His education began in earnest at this age. Though he had grown up in a house filled with paintings, music and literature and so had been exposed to high art and intellectualism his whole life, he was given a private tutor with whom he excelled academically, beginning his studies of Latin and Greek and showing early signs of his affinity for language which were to become integral to his income and lifestyle as an adult. Indeed, when he was about eight, he impressed a local bookseller by translating a Latin copy of the Bible into English at sight, and this successful private tuition lasted for three years until he was sent to King Edward’s School in Bath in 1796. He spent three years here until his mother moved him to the less prestigious Winkfield School in Wiltshire, but by the time he left one of his Greek masters had remarked that “that boy could harangue an Athenian mob better than you or I could address and English one”. His mother moved him for fear that, in such prestigious surroundings, he would become arrogant and assume the sense of entitlement displayed by the richer boys with whom he studied. Her actions were particularly perverse for their whimsy - to remove her son from an academic environment where he was clearly excelling and put him in an inferior school simply based on the erroneous notion that it might be reflecting negatively on his personality demonstrates the cold approach to her children which had driven Thomas to his sister for affection in the first place. Furthermore, and indeed rather ironically given her apparent concern to maintain a sense of humility, soon after this move she changed the family name to De Quincey, hypothesising that they were related to the old Anglo-French family named de Quincis that dated back to the time of the Norman Conquest. 

By 1800 he was ready for University, and was sent to Manchester Grammar School in preparation for a scholarship to Brasenose College, Oxford. It was intended that he would spend three years there, but he took flight after eighteen months, writing in his Confessions of an English Opium-Eater of a daring escape enabled by his good relations with the porters in the boarding-house, who willingly carried his luggage for him in the dead of night while his intentions were perfectly clear. Despite the boredom which drove him to escape, he learned many valuable literary lessons while he was there, reading works by Wordsworth and Coleridge, among other Romantic poets, which impressed him and influenced his own writing. However, these weren’t enough to keep him there, and having run away he headed for Wales, sleeping rough in order to make what little money he had with him last as long as possible. A chance discovery by his friends enabled him a reconciliation with his mother which ultimately earned him the small allowance of one guinea per week, on the proviso that he remain in regular contact with his family and keep them informed of his whereabouts. He was able to supplement this income by working as a freelance translator, though he soon fell out of contact with his family again, a failure to obey their rules which left him without his weekly guinea. Having read the Lyrical Ballads, he wrote a fan-letter to Wordsworth which, given Wordsworth’s meagre fame and want of popularity at the time, would illicit a favourable reply and an invitation to Grasmere, his present residence. In London, he met the elusive ‘Ann of Oxford St’, a prostitute whose kindness in spending her own meager savings on a bottle of port wine and bringing it to him to revive him from a fever had a profound effect on his sense of humanity. Eventually he would return to thank her but she had vanished, and readers have variably wondered whether she was a figment of his always active, now also feverishly hallucinogenic imagination.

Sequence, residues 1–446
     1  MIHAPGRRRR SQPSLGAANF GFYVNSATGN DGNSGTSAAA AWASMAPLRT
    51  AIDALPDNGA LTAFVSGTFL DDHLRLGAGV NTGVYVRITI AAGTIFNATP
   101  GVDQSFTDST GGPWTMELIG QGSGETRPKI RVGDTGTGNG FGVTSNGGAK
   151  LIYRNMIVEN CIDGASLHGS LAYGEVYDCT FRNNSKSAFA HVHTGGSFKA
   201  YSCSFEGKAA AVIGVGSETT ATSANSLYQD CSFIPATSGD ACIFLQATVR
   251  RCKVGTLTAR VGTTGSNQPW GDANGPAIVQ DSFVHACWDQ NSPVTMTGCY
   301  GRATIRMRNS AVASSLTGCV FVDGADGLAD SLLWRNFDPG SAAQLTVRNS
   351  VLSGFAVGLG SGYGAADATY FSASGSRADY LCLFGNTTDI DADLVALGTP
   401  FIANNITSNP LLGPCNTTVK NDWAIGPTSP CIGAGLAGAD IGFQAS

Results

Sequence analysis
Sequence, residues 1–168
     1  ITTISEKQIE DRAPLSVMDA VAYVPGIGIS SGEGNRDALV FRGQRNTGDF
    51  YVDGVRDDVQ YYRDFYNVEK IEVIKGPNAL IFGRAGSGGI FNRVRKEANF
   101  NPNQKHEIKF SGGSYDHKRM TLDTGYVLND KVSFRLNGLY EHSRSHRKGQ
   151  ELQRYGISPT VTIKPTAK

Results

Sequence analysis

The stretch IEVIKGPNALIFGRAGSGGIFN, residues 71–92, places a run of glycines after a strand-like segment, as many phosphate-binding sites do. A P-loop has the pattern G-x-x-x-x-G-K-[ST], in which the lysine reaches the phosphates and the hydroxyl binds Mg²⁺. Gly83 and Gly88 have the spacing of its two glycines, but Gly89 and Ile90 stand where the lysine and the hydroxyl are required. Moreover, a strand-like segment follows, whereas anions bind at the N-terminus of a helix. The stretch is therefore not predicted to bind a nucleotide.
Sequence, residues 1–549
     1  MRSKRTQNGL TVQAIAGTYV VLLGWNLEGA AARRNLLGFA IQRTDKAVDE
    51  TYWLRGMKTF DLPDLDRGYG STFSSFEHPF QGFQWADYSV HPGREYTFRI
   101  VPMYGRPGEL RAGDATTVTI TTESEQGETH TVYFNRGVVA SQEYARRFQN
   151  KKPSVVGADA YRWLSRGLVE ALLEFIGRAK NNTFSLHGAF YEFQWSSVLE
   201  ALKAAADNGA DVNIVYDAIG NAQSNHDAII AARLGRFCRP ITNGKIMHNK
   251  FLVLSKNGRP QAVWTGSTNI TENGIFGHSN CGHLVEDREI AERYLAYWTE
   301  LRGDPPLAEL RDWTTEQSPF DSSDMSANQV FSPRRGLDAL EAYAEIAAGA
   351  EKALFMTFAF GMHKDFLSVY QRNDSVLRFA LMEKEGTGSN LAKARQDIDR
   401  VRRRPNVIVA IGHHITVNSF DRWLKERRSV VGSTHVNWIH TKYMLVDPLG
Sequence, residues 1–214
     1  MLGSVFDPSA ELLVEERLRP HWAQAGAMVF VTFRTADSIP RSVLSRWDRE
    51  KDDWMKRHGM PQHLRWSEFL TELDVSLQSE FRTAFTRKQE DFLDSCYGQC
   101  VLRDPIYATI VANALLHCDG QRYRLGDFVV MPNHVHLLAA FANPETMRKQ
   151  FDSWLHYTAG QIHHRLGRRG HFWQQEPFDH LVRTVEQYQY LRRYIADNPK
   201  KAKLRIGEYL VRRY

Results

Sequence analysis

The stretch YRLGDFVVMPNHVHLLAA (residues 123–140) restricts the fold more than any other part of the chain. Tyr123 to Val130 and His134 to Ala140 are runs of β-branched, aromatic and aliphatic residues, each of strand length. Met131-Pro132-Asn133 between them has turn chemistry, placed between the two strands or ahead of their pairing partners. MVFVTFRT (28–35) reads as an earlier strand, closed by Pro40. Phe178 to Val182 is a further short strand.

A final reconciliation with his family saw him to Worcester College, Oxford in 1803, though on a heavily reduced income and as a commoner. Here, he writes, “he came to be looked upon as a strange being who associated with no one”, turning to opium in the form of laudanum for the first time while in London visiting a moneylender, as a relief from rheumatic pains as a result of toothache. His career at Oxford was capricious; he was a brilliant student in English literature and in the Greek, Latin, and German languages, though having embarked on his final exams in 1808 he excelled but failed to attend an oral examination, leaving before finishing and never receiving his degree. His first attempts to muster up the courage to visit Wordsworth and make good the invitation he had received by letter some years previously ended in anxious failure, though on turning back for the last time he resolved instead to visit Coleridge, ultimately befriending his children and being invited to escort the family on a visit to Southey in Keswick, whereupon he eventually met Wordsworth anyway. As his ease at making acquaintances had made him so attractive to Coleridge’s children, so too did Dorothy Wordsworth find herself won over by his easy charms, wit and profound intelligence. She would later tell her friend, Lady Beaumont, that - 

"He is a remarkable and very interesting young man; very diminutive in person, which to strangers makes him appear insignificant; and so modest, and so very shy that even now I wonder how he ever had the courage to address himself to my brother by letter I think of this young man with extraordinary pleasure, as he is a remarkable instance of the power of my brother’s poems over a lonely and contemplative mind, unwarped by any established laws of taste - a pure and innocent mind."